Timeline to Degree

The Biochemistry and Molecular Genetics (BMG) curriculum is designed to integrate class room instruction with research during years 1 and 2 with years 3 -5 devoted to independent research.

The area of research concentration is ultimately determined by the selection of a preceptor and laboratory. The time required to complete the degree program ranges from four to six years, with a typical student finishing in five years.

Download Timeline [PDF file]

Course Work

All BMG Ph.D. students are required to complete a minimum of 30 credit hours by the end of year 2 to be eligible for Exam I (Ph.D. qualifying exam) and to enter Master’s candidacy. 24 hours must be in class room instruction with a minimum of 17 hours in core BMG courses. This requirement is fulfilled by successfully completing the required core coursework, seminar, and lab rotations outlined for years 1 and 2. Original research (BIOC 619) credit does not count toward the 30 hour requirement.

Year 1 courses provide a solid foundation for Biochemistry and Molecular Genetics principles and applications (BIOC 645, 647, 611). The Department joins with other basic science departments within the School of Medicine in the Integrated Programs in Biomedical Sciences (IPIBS). The goal of this program is to provide an interdisciplinary approach to the biomedical sciences. (IPIBS) Course Requirements include cross-discipline methods survey and statistics (BIOC 610), Cell Biology (BIOC 667), and Research Ethics (BIOC 630).

Year 2 advanced courses provide literature-based discussions on key concepts in Molecular Biology and Genetics (BIOC 668) and protein-protein and protein-DNA interactions (BIOC680). A course on grantsmanship using a reiterative writing process for students learn how to prepare grant proposal (BIOC 603-01). Electives in Cancer Biology (BIOC 667), Molecular Toxicology (BIOC 661), and Next Generation Sequencing (BIOC 603-02) are available for advanced students in Year 2.

Presentation Skills- Requirements

Our philosophy is that developing strong communication skills is a critical aspect of graduate education training. All BMG Ph.D. students are required to attend and participate in journal club in years 1 & 2 and attend a formal workshop-based training on developing an effective seminar. Each student will give an annual presentation to the department, beginning in year 1 with presenting a brief 15 minute lab rotation report. In years 2 and 3 each student will give a literature-based seminar presentation to the department and years 3 and beyond a research conference on their own work.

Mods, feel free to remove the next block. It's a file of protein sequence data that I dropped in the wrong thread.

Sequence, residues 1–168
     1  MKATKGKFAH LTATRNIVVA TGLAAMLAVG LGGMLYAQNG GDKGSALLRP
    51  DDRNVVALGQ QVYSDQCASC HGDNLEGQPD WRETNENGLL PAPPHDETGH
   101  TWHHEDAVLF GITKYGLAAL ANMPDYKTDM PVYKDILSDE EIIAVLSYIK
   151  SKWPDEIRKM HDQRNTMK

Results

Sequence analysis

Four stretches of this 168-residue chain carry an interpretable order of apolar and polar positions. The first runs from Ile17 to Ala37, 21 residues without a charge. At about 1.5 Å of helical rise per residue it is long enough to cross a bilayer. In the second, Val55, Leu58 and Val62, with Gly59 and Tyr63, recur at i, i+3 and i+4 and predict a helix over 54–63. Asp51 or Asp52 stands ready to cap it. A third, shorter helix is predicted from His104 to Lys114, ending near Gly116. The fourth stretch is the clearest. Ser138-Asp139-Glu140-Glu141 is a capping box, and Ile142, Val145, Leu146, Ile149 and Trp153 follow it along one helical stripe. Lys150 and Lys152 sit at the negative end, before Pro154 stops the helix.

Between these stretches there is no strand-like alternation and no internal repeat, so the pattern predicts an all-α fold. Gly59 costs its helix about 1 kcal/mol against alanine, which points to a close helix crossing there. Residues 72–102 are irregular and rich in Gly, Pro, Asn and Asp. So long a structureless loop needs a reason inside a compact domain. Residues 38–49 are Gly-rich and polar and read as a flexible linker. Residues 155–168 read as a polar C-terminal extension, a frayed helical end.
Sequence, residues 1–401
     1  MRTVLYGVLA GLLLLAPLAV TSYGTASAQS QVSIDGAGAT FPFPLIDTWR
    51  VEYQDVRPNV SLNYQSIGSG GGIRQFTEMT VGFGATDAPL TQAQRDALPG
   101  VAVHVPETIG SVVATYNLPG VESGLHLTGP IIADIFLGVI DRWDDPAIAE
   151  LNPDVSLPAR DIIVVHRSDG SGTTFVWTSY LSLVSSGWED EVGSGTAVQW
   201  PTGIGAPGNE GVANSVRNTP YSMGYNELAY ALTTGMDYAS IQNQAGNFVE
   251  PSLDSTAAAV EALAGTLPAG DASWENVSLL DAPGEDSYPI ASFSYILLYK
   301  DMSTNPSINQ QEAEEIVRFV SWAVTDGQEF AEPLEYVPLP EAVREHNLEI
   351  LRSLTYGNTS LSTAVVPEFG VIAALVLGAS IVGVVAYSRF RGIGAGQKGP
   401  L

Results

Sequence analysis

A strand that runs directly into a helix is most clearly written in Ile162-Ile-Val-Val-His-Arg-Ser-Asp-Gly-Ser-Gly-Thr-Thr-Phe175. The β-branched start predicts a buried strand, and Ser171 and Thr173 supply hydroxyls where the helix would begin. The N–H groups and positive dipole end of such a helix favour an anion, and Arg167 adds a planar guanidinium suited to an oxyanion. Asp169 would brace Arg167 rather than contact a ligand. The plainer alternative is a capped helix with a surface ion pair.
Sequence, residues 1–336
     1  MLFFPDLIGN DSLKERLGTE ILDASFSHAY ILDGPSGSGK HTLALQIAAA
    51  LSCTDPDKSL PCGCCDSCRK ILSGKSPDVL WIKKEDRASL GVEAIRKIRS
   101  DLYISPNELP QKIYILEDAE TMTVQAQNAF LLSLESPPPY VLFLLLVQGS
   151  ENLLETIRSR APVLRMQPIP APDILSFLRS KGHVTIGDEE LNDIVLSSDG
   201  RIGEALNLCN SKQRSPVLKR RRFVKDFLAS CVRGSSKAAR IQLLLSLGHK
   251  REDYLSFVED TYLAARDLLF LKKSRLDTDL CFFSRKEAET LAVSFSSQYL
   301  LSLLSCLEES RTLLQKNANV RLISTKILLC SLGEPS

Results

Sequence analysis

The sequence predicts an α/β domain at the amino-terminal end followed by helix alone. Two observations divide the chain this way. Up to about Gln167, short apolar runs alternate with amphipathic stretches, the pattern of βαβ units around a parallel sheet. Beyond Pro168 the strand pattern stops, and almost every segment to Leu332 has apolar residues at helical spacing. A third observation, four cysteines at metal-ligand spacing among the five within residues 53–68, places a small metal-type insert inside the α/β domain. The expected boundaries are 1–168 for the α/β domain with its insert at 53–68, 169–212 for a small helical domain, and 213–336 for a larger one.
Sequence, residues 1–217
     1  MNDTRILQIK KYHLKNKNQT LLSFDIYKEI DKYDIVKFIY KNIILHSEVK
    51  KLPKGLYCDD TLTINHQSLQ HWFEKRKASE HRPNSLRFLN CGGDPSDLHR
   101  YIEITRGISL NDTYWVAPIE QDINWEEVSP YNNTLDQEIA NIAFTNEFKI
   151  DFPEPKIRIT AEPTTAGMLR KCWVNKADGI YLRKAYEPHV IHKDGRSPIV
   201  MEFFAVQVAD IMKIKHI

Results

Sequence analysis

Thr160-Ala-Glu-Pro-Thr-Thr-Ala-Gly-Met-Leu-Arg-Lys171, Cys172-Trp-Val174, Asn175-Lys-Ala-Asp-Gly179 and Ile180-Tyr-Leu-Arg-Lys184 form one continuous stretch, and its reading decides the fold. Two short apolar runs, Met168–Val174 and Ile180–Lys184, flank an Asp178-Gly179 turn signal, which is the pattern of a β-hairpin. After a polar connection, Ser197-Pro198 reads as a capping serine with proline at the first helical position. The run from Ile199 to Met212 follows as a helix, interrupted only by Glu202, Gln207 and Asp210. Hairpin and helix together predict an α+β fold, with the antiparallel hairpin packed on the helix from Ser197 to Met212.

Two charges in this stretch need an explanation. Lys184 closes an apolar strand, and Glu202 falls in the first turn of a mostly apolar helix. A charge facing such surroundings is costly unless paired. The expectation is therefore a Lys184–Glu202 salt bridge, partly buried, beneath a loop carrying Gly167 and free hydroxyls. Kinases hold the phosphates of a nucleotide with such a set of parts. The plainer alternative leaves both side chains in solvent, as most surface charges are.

Other Requirements

Pass Exam I (Ph.D. Qualifying Exam) and Exam II (Dissertation Research Proposal)

  • Exam I evaluates the student's assimilation of the fundamental principles of biochemistry and molecular genetics and their ability to interpret literature, independently develop a research plan, integrate material from the graduate curriculum, write clearly, organize a proposal, and orally defend their ideas. The format is an oral defense of a grant proposal that the student has written on a topic unrelated to their dissertation research.
  • Exam II has two components: a brief oral presentation to the department of the proposed dissertation research (Exam IIa) and a written pre-doctoral fellowship grant proposal on their dissertation research that is approved by the dissertation committee (Exam IIb). Exam IIb must be completed within 6 months of passing Exam I.


Our philosophy is that a complete graduate education should include experience in teaching. Students assist in teaching for ½ semester, usually in the graduate Advanced Biochemistry course (BIOC 645 & 647) or Methods course (BIOC 611), during their second year of study. Opportunities to gain greater teaching experience are available through the School of Interdisciplinary Graduate Studies (SIGS) and within the department upon request.

Checklist of requirements for a Ph.D. in Biochemistry & Molecular Genetics

Successfully complete:

  1. all coursework with a minimum GPA of 3.0.
  2. a minimum of two laboratory rotations.
  3. serve as a teaching assistant for 1 semester.
  4. two seminar presentations.
  5. Exam I (Ph.D. qualifying exam).
  6. Exam IIa and IIb (dissertation proposal and committee meeting).
  7. annual research conferences with committee meetings in years 3 and beyond.
  8. a body of novel research (dissertation).
  9. publish at minimum one 1st author manuscript.
  10. write and publically defend a doctoral dissertation that is acceptable by the dissertation committee and School of Interdisciplinary Graduate Studies.